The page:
Genetically Modified Male Bias

Non Gene Drive

Following development of the non gene drive sterile male, the Target Malaria team developed a genetically modified Anopheles gambiae  mosquito that could successfully mate and produce offspring, but in which the genetic modification would only persist for a limited period of time before disappearing. This mosquito does not carry a gene drive element that biases inheritance.

The effect of the modification in the laboratory mosquito population is that most progeny are male; hence the name “male bias”. Male mosquitoes do not bite and therefore do not transmit disease.

The non gene drive male bias mosquitoes were created by using a nuclease gene that, when activated during sperm production, fragments the X chromosome of the sperm, resulting in a mosquito that mainly has Y-bearing sperm and thus produces predominantly male offspring.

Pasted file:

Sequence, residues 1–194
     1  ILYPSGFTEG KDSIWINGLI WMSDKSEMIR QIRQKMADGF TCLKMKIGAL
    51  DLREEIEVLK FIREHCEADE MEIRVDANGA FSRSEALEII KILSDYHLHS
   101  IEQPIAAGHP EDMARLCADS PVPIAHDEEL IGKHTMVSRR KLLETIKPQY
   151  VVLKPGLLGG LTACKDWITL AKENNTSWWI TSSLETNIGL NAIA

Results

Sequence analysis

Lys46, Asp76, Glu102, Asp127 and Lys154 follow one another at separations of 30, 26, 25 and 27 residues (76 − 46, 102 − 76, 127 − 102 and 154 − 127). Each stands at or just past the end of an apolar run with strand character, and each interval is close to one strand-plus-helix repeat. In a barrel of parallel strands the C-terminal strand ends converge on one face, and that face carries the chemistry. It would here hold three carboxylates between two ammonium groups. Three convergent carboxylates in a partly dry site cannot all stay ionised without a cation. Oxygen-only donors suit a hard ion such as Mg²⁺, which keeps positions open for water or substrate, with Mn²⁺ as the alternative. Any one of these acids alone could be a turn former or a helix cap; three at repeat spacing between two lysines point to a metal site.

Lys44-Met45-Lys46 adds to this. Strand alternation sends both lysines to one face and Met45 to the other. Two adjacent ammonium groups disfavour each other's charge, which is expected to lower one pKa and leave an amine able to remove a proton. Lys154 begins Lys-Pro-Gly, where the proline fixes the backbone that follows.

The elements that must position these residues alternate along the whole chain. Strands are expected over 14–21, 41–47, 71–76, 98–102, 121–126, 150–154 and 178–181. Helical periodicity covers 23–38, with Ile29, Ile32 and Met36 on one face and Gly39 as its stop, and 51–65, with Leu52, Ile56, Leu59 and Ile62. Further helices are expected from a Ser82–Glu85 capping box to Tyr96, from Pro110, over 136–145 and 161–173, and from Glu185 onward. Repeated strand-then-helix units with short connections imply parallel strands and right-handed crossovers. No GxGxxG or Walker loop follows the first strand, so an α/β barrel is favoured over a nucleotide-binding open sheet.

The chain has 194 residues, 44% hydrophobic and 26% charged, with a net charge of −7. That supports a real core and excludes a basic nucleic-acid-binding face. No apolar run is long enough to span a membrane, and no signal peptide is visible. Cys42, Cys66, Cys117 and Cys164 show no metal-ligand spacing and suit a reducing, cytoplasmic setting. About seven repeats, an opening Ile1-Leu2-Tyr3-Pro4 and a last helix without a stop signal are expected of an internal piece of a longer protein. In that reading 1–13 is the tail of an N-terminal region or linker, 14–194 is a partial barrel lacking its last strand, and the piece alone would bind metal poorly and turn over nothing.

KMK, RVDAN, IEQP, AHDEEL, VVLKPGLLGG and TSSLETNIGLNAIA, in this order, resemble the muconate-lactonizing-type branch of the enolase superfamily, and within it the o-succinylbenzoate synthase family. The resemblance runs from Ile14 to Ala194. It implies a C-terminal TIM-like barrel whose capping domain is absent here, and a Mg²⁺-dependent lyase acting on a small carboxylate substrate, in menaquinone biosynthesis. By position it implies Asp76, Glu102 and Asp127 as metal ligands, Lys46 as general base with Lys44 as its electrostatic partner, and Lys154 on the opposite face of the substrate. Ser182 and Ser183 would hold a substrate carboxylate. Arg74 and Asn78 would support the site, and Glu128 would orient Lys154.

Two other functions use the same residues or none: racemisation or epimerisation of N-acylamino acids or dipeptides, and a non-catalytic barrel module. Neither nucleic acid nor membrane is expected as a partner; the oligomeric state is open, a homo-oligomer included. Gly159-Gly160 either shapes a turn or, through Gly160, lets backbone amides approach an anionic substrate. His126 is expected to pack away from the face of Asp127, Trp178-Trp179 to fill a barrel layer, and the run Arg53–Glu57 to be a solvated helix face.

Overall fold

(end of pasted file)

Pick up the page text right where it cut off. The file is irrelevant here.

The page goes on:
The nuclease gene is inserted into a mosquito autosome. An autosome is any chromosome that is not a sex chromosome.  Anopheles gambiae  mosquitoes have two pairs of autosomes and one pair of sex chromosomes. Non-driving genes on autosomes are inherited by 50% of offspring.

The purpose of the non gene drive male bias mosquito is to better inform the development pathway of our final technologies by conducting extensive studies on this mosquito, to build our teams’ capacity and to strengthen and widen our stakeholder engagement.

The non gene drive male bias mosquito colonies are held in our laboratories in Europe, in the United States, and in Burkina Faso. Following approval from regulatory authorities and community agreement, our team in  Burkina Faso  imported the male bias mosquitoes for contained use work in their Arthropod Containment Level 2 (ACL-2) insectary in Bobo-Dioulasso in 2022.

For more information: read our factsheet on the non gene drive genetically modified male bias mosquito

What's a non gene drive male bias mosquito?